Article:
Need help interpreting CA smog test results

Discussion in 'General Motoring' started by Randall Fox, Jun 30, 2004.

  1. Randall Fox

    Randall Fox Guest

    I just passed my smog test, but just barely.. I have both the new and
    old numbers (recent test, and test from 1.5 years ago). Wondering if
    anyone can tell me if I have a developing car problem I can fix before
    it gets bad.. I was targeted as a "High Profile Emitter" and forced
    to go to a test only center. Preparations listed below..

    Note the HC, I barely made it.

    Auto: 1996 Honda Prelude, VTEC H22A
    Test: June 2004
    CO2 O2
    15mph 1802 14.9 0.0
    25mph 2106 14.9 0.0

    15mph 1802 58 9 56
    25mph 2106 42 7 38

    15mph 1802 0.52 0.02 0.08
    25mph 2106 0.50 0.03 0.05

    15mph 1802 451 57 204
    25mph 2106 738 50 139

    For the test itself, I changed the PCV, Air Filter, Changed the oil
    and oil filter, put in a full tank of 91 octane gas (actually, my car
    takes 91 octane, so that's what I normally use).. I also drove it on
    the freeway for 30+ miles (45 mins) and then brought it in.. I was
    forced to wait, but I went and topped off my tank instead of waiting,
    and then sat in traffic, which hopefully kept the car hot..

    I didn't put any additives in to clean the injectors, which is
    something I wish I had done..

    I also changed the plugs about a year ago, they are the expensive 60k
    mile plugs, and I only put 15,000 on them...

    I also may need a valve adjustment (or have them checked).. I don't
    know if that would throw it off much, I hope to do it myself, but
    haven't had the time. I don't think they are out of specs though..

    The original owner (I bought it 1.5 years ago) brought it to the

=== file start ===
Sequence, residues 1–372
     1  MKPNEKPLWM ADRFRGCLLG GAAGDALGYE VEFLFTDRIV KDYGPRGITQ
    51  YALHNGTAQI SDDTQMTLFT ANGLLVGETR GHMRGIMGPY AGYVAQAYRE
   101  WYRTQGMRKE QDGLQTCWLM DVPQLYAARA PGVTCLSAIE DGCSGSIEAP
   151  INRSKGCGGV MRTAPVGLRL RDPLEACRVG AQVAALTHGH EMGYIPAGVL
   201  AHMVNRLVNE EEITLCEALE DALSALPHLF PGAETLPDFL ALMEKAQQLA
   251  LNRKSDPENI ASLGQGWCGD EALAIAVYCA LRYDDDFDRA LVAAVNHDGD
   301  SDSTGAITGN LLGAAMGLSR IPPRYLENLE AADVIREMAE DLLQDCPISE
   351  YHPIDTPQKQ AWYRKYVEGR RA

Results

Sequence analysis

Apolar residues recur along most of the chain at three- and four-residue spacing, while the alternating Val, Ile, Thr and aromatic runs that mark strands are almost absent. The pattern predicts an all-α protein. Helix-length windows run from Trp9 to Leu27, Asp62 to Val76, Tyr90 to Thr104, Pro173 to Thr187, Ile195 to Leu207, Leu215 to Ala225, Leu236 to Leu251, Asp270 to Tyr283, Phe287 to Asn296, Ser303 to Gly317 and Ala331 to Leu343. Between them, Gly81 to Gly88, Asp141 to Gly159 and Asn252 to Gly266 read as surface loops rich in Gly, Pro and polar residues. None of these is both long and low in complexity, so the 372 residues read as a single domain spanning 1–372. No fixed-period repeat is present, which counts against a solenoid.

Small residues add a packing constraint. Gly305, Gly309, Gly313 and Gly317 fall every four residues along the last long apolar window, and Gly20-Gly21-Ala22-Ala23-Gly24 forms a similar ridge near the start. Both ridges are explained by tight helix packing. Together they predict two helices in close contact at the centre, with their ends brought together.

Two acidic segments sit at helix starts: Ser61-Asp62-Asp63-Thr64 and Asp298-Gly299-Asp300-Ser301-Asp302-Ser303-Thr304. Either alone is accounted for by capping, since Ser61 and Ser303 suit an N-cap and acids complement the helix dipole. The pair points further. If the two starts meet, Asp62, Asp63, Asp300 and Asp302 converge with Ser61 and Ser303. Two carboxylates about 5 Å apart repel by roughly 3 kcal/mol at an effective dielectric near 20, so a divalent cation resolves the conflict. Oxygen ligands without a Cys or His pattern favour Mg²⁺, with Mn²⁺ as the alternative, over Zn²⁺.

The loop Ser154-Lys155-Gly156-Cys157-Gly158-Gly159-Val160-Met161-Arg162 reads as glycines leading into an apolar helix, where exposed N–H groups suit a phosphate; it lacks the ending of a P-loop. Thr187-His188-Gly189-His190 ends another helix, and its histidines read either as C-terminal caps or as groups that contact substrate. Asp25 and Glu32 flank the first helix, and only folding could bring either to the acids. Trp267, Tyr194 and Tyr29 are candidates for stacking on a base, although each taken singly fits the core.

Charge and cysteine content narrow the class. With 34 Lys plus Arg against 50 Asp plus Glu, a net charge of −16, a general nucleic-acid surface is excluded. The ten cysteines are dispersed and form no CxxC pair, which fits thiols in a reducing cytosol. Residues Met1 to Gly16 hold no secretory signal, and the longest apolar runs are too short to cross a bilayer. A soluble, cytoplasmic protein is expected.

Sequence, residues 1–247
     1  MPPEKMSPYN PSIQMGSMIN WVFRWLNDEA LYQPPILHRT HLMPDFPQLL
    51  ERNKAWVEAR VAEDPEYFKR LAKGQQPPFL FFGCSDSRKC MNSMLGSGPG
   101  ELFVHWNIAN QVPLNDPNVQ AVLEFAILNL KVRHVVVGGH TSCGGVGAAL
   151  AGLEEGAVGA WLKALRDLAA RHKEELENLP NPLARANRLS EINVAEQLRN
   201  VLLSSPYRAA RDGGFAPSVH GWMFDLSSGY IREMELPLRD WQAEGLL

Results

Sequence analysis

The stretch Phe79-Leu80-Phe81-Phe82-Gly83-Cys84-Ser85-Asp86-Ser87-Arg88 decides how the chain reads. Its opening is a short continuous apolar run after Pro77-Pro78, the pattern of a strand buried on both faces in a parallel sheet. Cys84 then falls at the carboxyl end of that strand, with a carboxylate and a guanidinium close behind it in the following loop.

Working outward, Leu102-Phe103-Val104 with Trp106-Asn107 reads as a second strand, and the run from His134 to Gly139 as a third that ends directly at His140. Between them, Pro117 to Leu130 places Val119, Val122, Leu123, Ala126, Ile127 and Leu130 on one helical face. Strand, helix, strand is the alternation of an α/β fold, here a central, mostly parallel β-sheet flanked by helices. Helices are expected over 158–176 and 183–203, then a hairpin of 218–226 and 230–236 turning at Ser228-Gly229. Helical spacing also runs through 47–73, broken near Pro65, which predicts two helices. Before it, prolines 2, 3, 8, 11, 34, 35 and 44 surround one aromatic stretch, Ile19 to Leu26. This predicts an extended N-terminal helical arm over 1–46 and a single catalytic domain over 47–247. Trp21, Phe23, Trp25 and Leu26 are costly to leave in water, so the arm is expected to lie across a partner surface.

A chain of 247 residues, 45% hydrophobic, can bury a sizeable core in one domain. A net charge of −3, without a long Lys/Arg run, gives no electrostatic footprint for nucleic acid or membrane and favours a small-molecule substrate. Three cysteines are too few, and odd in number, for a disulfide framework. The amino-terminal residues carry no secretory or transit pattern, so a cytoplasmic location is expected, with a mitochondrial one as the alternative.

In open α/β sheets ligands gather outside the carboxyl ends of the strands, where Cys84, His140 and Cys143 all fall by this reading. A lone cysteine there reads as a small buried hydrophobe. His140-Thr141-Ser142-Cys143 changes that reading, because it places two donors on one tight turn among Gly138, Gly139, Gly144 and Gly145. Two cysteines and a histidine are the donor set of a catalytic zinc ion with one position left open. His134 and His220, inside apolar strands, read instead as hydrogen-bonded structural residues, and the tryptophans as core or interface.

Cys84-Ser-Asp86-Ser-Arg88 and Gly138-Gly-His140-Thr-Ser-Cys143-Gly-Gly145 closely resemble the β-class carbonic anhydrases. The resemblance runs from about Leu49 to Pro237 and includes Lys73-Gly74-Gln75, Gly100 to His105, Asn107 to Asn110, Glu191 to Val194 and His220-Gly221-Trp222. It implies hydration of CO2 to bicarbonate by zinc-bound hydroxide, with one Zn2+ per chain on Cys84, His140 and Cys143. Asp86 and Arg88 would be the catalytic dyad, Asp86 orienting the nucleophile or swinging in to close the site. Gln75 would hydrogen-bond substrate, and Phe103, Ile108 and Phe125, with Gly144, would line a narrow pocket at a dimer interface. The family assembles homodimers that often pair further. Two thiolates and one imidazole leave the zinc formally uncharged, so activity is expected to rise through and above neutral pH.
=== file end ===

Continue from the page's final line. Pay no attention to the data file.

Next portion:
dealership regularly and had all the records. He seemed to take good
    care of it, and the title xfer smog test kinda indicated that, plus I
    don't think he warmed the car up enough for his test..

    Here is the Original change of title Test that I got with the car.

    Test Date: Jan 2003

    CO2 O2
    15mph 1946 14.9 0.0
    25mph 2200 14.9 0.0

    15mph 1946 58 9 19
    25mph 2200 42 7 15

    15mph 1946 0.52 0.02 0.01
    25mph 2200 0.50 0.02 0.01

    15mph 1946 804 66 81
    25mph 2200 738 55 106
    Randall Fox, Jun 30, 2004
  2. Randall Fox

    SoCalMike Guest

    topping off the tank may have introduced excessive vapors into the
    recovery system.... which gets burned by the engine. so theres your high
    HC number.

    and idling actually cools the car down.

    i wouldnt worry about the test results- you passed.
    SoCalMike, Jun 30, 2004
  3. Randall Fox

    Randall Fox Guest

    I agree, but I really like the car, and I want it to last...

    And if I didn't worry, I might not have taken any precautions before
    the test, and been just a few numbers over the max, which would have
    hurt.. But then, who's to say?

    Randall Fox
    Randall Fox, Jun 30, 2004
  4. Randall Fox

    jim beam Guest

    the one thing you don't tell us is the mileage you have! hc can be
    excess fuel [o2 sensor], weak catalyst [excess fuel/oil] or oil [old age].
    jim beam, Jun 30, 2004
  5. Randall Fox

    SoCalMike Guest

    well, ya took the precautions, and it worked. do the same thing next
    time- except for topping off the tank :)
    SoCalMike, Jun 30, 2004